Combining User Co-Ratings and Social Trust for Collaborative Recommendation: A Data Analytics Approach

Combining User Co-Ratings and Social Trust for Collaborative Recommendation: A Data Analytics Approach

Sheng-Jhe Ke (National Sun Yat-Sen University, Taiwan) and Wei-Po Lee (National Sun Yat-sen University, Taiwan)
Copyright: © 2017 |Pages: 22
DOI: 10.4018/978-1-5225-0489-4.ch011
OnDemand PDF Download:
$30.00
List Price: $37.50

Abstract

Traditional collaborative filtering recommendation methods calculate similarity between users to find the most similar neighbors for a particular user and take into account their opinions to predict item ratings. Though these methods have some advantages, however, they encounter difficulties in dealing with the problems of cold start users and data sparsity. To overcome these difficulties, researchers have proposed to consider social context information in the process of determining similar neighbors. In this chapter, we present a data analytics approach that combines user preference and social trust for making better collaborative recommendation. The proposed approach regards the collaborative recommendation as a classification task. It includes a data analysis procedure to explore the target dataset in terms of user similarity and trust relationship, and a data classification procedure to extract data features and build up a model accordingly. A series of experiments are conducted for performance evaluation. The results show that this approach can be used to enhance the recommendation performance in an adaptive way for different datasets without an iterative parameter-tuning process.
Chapter Preview
Top

Introduction

Recommender systems have been advocated in different service domains for years (Adomavicius & Tuzhilin, 2005; Bobadilla, et al., 2013; Lu, et al., 2015; Ricci, et al., 2011). Traditional recommender systems address two entities for application services: the users and the items. Initially, the systems collect some ratings specified by users. Based on these rating records, these systems estimate the rating function R: Users × ItemsRatings. Once the utility function R is constructed, the system can predict the rating of unfamiliar items and recommend the highest-rating ones to users. Various methods have been developed to find effective solutions that require less computational effort. These methods range from content-based user modeling to group-based collaboration (that is, collaborative filtering or CF). Generally speaking, the group-based approach is more efficient and effective than content-based user modeling (Bobadilla, et al., 2013; Koren & Bell, 2011).

Many collaborative recommender systems have tried to predict the rating of an item for a particular user based on how other users previously rated the same item. Algorithms for collaborative recommendations can be grouped into two classes in general: memory-based and model-based methods. Memory-based algorithms (also called neighborhood or k-nearest neighbor methods) are heuristics that make rating predictions based on the entire collection of items previously rated by the users. The neighborhood methods are popular because they are intuitive and relatively simple to implement. Moreover, these neighborhood methods offer useful and important properties: explicit explanation of the recommendations and easy inclusion of new ratings. Because our major goal in this work is to investigate how to incorporate different types of information and to analyze their effects on recommendation, we thus choose this easy-to-implement approach in our experiments.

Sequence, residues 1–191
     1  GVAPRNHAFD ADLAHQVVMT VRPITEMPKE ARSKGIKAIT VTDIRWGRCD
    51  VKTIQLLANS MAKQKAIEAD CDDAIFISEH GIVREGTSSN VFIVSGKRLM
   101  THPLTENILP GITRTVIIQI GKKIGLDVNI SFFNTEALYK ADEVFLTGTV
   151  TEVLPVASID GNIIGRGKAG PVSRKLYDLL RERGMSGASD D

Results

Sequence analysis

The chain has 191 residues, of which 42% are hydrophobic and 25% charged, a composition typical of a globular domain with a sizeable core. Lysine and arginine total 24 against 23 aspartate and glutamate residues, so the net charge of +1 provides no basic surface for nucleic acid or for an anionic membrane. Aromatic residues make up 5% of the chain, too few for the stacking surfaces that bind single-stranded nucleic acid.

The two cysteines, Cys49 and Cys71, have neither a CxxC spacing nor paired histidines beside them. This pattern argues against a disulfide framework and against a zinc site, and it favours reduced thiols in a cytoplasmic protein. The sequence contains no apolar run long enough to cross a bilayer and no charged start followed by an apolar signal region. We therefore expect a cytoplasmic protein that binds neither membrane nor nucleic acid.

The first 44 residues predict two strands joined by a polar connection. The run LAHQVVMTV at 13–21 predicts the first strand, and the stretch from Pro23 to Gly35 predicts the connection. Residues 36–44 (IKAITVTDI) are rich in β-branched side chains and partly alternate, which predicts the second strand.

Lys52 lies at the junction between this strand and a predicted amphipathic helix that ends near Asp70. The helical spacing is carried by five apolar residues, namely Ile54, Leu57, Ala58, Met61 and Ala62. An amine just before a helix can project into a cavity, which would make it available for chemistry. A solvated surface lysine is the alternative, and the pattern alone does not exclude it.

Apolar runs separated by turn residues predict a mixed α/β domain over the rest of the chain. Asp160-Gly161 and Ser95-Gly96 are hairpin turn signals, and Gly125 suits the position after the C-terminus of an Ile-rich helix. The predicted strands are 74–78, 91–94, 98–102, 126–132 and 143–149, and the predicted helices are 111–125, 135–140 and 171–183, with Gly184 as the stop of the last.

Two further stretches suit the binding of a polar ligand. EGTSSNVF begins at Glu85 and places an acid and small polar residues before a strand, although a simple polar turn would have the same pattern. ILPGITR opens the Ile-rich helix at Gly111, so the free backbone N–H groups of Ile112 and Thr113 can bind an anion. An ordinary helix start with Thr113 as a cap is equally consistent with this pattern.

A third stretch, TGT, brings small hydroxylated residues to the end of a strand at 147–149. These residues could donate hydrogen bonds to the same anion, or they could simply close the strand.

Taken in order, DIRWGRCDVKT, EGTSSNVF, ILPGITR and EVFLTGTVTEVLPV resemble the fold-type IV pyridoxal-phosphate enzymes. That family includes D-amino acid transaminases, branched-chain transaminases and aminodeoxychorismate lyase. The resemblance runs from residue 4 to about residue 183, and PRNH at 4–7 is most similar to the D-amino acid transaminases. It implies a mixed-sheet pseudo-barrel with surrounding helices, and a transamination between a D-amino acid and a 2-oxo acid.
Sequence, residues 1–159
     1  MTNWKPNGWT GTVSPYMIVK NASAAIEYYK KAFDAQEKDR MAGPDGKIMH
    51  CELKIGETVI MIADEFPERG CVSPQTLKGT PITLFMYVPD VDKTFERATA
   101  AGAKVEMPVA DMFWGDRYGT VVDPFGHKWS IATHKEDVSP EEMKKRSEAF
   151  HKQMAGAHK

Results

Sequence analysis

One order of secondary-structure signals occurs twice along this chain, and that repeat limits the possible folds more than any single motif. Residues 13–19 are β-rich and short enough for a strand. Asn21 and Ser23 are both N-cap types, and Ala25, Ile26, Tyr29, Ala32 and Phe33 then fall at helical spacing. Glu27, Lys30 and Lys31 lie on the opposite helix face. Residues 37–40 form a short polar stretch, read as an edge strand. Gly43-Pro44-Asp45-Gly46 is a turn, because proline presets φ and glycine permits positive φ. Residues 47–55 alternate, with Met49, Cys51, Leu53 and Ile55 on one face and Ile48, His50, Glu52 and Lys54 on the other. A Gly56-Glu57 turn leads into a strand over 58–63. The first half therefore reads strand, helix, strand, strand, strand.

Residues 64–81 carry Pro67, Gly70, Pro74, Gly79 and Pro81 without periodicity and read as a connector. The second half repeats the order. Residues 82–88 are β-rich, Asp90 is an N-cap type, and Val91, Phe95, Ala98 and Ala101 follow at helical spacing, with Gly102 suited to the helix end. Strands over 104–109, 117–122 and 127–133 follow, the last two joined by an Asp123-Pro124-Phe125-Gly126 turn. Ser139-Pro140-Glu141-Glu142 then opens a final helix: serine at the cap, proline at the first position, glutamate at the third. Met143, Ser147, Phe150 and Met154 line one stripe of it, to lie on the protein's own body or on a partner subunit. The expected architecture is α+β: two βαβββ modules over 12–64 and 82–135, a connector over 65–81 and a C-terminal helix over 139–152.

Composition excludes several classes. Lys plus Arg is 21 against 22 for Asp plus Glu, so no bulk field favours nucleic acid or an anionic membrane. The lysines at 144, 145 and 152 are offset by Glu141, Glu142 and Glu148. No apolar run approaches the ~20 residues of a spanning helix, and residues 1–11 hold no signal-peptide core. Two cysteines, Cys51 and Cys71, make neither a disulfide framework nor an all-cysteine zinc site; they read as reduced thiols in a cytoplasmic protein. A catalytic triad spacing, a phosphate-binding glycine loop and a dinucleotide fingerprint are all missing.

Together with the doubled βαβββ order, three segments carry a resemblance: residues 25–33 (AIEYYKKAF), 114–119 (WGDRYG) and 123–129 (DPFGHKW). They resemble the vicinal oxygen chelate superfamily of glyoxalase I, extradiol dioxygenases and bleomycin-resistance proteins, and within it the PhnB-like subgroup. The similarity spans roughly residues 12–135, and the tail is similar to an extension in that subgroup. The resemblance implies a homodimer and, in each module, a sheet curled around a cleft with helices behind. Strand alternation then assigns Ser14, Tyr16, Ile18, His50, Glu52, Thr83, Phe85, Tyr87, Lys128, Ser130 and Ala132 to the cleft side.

Standard CF methods calculate user similarity to find neighbors and their opinions to make decisions. Though similarity-based neighborhood methods have some advantages, there also occur several issues to consider. For example, if the interactions among the neighbors are not considered, and some users have rated only a very small number of items (i.e., the cold-start problem), such information is not enough for making helpful recommendation. Also this method has a problem of sparsity: in real-world applications, most items are not widely rated by users. The latter problem may decline the recommendation performance (Aha, 2008; Guo, et al., 2014). To overcome these problems, researchers have suggested the inclusion of contextual information for building more accurate recommender systems, for example (Chen, et. al., 2012; Chen, et al., 2014; Lee and Lee, 2014; Ma, et al., 2011). One kind of contextual information, the social context information collectable from online communities (i.e., social networks), is useful and important for recognizing the users’ situation that can influence his decision (Qian, et al., 2014; Samah, et al., 2012; Yang, et. al. 2013). Social network theory suggests that the positions of users in a web of relationships influence their access to resources, friends, and information. Social influence can be used to create intention for people to consume a product so that everyone’s social relationship is one of the key factors for predicting the potential customer intention. Researchers have indicated that the relationships among friends and friends of friends within a social network are crucial when referencing trustworthy and reliable information (Golbeck & Hendler, 2006; Jamali & Ester, 2009; Ray & Mahantirt, 2010).

Complete Chapter List

Search this Book:
Reset